Sun Microsystems will provide code-level customer support for the NetBeans open source tools platform, the latest version of which is being released by the Sun-driven NetBeans community on Wednesday.
The company's services are intended to assure users that a major company is there to support them as they develop mission-critical applications on the new release, NetBeans IDE 5.0. So far, the only support available has been through the community, via means such as newsgroups and forums, said Dan Roberts, Sun's director of developer tools marketing.
Initially, support will be free, but Sun at some point plans to charge several hundred dollars per incident, Roberts said.
Featuring the Matisse Java GUI builder, NetBeans 5.0 remains a lower-key rival to the ubiquitous Eclipse open source effort. Eclipse seemingly has the backing of every major vendor but Sun and Microsoft, boasting of support from companies such as IBM, Oracle, and BEA Systems. Sun, however, continues marching forward with NetBeans, touting Matisse and other new features.
"Matisse is a new visual GUI builder that allows developers to save a lot of time laying out their GUIs. This has been a huge problem in the Java industry for many years," Roberts said. "This is the big, new, hot feature that the developers are really clamoring for," he said.
Also featured in version 5.0 is a set of documentation and wizards to make it easier to build plug-ins and extensions to NetBeans. The platform could be extended through development of features such as UML (Unified Modeling Language) support or an improved debugger.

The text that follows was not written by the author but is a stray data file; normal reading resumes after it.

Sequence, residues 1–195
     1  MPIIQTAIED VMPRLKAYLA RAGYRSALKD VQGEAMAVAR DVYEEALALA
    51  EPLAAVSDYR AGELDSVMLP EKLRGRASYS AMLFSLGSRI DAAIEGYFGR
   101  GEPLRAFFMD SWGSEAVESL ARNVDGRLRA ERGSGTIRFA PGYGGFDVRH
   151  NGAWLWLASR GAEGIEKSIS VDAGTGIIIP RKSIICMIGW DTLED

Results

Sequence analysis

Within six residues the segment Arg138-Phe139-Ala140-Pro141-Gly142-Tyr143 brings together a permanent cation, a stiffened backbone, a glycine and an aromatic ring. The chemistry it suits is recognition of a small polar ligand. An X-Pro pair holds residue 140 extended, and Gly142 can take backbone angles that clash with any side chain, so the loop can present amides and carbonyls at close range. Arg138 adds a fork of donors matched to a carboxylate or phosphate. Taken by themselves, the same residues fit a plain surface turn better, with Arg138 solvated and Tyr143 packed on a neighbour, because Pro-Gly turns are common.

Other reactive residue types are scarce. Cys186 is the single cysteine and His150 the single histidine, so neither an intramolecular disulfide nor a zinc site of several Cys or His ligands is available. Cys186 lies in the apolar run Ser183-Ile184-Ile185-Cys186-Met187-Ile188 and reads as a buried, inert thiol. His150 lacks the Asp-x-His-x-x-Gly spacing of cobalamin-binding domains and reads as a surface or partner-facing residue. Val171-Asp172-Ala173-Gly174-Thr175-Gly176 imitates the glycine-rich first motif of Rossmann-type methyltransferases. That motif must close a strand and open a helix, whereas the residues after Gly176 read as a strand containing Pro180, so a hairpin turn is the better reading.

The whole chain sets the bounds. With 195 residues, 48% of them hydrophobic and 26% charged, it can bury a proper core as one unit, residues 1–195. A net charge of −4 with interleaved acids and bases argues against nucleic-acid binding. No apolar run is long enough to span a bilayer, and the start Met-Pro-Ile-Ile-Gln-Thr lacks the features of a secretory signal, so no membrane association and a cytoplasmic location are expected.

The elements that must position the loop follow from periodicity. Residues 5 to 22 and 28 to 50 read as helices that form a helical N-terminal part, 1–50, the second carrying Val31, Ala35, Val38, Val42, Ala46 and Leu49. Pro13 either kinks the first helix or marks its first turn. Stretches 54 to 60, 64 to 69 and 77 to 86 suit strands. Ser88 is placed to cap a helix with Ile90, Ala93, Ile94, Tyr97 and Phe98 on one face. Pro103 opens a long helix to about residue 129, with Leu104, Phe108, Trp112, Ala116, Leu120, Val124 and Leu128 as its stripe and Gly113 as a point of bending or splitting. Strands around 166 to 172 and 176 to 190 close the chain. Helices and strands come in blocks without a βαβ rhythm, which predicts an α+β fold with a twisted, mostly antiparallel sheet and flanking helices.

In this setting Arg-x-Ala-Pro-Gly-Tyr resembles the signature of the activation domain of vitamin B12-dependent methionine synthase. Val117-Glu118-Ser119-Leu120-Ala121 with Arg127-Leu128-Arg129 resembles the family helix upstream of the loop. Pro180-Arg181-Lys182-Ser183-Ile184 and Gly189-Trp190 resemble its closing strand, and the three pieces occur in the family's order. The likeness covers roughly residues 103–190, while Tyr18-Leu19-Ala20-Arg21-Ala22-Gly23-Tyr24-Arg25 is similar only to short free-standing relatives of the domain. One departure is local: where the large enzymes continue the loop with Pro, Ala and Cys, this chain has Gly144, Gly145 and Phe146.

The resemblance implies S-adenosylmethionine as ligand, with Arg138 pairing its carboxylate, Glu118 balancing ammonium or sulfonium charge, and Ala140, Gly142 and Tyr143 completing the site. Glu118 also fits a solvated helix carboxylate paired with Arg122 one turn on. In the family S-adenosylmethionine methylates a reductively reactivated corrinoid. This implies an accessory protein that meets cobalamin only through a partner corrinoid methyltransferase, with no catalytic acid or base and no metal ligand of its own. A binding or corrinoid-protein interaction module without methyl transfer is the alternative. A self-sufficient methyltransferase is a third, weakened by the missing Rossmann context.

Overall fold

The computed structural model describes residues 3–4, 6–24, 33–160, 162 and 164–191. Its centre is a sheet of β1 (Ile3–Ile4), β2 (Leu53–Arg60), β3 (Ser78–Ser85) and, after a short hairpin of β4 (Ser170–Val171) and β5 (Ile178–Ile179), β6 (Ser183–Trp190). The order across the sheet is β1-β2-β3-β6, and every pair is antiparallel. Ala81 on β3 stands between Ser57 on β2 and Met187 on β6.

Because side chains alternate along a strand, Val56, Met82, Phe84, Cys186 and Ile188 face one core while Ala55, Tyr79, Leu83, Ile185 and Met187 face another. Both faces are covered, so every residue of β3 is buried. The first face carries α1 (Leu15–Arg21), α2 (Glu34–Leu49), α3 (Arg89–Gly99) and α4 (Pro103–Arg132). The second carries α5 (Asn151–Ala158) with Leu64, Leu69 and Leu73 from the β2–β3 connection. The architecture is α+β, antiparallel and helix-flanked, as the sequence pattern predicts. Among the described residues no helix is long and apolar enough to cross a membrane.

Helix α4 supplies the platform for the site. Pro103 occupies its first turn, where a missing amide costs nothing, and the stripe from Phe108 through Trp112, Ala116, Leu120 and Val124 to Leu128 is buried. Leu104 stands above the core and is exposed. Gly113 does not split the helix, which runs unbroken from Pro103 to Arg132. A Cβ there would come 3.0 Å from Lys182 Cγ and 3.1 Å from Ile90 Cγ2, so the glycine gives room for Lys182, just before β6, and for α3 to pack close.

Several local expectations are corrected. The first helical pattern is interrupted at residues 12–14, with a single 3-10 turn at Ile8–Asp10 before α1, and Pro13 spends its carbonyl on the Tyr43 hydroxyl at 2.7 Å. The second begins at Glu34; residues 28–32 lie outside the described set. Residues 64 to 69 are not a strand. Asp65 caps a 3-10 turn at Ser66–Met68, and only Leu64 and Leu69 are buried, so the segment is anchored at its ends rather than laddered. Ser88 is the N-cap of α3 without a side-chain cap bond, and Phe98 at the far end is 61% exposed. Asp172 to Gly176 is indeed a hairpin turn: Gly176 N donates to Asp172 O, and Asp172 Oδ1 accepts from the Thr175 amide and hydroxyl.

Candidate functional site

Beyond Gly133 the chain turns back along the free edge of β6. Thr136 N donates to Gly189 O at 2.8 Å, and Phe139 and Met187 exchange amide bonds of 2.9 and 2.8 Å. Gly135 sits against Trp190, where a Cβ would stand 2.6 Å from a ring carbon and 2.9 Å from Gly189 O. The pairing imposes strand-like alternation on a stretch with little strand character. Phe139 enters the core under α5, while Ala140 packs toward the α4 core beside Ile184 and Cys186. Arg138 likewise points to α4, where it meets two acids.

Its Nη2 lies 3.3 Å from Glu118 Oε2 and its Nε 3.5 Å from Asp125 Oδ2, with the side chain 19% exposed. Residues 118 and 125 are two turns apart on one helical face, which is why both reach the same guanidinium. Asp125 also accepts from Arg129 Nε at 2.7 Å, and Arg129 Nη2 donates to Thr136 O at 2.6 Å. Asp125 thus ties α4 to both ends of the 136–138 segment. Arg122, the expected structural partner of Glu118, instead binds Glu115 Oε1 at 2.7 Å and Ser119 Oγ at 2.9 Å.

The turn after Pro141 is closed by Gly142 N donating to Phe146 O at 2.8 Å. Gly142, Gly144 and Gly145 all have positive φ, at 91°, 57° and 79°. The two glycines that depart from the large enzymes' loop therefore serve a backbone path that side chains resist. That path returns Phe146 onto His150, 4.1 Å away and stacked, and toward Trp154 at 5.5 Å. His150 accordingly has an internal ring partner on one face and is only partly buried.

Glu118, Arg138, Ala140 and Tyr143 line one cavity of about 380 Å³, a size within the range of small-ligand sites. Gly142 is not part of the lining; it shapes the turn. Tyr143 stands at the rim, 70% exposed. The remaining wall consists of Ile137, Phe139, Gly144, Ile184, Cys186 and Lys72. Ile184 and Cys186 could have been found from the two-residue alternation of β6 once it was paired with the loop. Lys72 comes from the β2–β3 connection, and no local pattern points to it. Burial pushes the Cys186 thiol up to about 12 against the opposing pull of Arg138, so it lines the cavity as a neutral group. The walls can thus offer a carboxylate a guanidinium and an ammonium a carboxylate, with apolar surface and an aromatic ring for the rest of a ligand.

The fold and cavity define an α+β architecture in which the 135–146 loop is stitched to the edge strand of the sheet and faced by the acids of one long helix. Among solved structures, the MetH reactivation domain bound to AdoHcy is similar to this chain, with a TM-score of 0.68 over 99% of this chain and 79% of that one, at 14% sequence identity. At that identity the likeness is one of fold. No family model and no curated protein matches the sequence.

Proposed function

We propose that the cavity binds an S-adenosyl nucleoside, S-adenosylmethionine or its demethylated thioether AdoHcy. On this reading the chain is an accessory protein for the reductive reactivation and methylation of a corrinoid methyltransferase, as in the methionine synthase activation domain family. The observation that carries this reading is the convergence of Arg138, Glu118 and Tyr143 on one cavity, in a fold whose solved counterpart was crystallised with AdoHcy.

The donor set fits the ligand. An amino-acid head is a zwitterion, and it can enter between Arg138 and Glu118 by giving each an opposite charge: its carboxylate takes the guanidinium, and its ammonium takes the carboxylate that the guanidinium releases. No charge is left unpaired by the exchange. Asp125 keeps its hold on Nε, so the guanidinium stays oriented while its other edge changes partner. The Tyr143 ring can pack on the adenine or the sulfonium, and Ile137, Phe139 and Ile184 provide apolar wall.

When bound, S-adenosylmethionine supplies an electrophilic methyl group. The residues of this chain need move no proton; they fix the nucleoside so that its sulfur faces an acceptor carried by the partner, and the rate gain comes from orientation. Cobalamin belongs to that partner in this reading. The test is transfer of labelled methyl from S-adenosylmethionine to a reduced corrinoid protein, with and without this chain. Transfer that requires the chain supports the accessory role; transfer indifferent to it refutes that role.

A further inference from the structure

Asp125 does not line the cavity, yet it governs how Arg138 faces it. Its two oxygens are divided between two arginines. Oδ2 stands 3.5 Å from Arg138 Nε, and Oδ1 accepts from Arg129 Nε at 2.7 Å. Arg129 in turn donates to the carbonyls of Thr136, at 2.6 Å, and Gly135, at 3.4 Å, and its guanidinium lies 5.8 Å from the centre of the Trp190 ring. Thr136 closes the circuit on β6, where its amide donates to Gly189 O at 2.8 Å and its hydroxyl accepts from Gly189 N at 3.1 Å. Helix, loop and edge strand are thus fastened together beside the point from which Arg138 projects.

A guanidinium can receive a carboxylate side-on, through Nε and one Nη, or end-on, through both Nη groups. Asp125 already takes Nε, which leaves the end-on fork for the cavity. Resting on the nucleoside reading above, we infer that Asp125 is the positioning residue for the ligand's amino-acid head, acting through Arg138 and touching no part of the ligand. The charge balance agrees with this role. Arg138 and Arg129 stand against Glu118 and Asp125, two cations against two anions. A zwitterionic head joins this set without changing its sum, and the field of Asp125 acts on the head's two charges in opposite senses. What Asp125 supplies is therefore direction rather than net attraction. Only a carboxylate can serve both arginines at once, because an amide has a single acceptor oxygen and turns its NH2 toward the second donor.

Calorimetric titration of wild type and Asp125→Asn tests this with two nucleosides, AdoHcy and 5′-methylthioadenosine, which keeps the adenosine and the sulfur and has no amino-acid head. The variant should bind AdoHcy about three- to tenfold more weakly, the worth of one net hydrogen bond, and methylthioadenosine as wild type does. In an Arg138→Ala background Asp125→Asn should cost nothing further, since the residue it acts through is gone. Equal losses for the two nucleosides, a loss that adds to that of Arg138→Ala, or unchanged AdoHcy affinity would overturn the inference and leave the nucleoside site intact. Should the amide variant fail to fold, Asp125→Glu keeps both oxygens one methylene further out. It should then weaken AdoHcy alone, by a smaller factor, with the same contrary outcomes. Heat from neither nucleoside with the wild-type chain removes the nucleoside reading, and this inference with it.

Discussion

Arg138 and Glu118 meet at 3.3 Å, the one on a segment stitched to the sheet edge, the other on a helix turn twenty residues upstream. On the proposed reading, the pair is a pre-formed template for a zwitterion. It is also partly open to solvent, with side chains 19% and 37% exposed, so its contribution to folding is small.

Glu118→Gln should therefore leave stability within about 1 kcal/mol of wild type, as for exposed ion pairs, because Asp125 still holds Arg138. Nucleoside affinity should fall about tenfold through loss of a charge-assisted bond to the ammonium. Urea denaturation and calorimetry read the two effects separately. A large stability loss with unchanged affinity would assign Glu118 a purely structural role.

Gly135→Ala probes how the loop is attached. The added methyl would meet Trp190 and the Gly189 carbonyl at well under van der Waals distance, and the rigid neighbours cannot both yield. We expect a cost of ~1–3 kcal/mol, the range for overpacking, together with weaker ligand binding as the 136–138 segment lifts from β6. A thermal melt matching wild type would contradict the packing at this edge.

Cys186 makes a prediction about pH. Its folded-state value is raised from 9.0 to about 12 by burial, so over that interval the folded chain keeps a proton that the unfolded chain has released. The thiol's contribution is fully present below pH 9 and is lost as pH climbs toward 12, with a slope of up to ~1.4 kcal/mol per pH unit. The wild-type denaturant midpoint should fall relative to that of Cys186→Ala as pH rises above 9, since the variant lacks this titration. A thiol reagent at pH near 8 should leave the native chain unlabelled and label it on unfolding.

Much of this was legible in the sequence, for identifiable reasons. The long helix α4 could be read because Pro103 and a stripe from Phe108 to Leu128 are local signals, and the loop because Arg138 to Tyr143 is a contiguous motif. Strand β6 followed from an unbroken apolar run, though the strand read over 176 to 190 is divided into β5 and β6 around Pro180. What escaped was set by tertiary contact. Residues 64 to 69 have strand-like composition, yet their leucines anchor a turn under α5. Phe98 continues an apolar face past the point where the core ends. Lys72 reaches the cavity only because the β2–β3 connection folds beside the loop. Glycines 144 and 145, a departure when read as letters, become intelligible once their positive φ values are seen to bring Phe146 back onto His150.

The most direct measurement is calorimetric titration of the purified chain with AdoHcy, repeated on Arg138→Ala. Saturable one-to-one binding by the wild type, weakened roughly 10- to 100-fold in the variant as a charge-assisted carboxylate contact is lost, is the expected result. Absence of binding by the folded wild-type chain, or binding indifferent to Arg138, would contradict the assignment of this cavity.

NetBeans 5.0 features the NetBeans Mobility Pack, for building applications for cell phones and PDAs. It is easier in release 5.0 to connect mobile applications like sales-force automation tools to back-end systems such as Web services or server-side data.
A production-quality release of the NetBeans Profiler is featured in version 5.0. It enables developers to profile applications to check performance issues such as bottlenecks and memory leaks. A dynamic byte code injection feature enables modeling of an application or a particular method with less overhead than was previously required.
Increased refactorings are available in version 5.0, including "Safe Delete," "Pull Up," "Push Down," and "Extract Super Class." Web services have been enhanced to enable development of Web service clients in J2SE applications.
Sun on January 10 touted a so-called endorsement of NetBeans by Oracle. But in a Web posting shortly thereafter, Thomas Kurian, Oracle senior vice president, said Oracle believes that NetBeans is important, but that the company has no plans to actually use NetBeans for anything. Oracle instead will stick with its JDeveloper Java tool and Eclipse.
Sun remains confident that Oracle can climb aboard.
"Right now, we're just in kind of high-level discussions with Oracle about the relationship that we can build," Roberts said.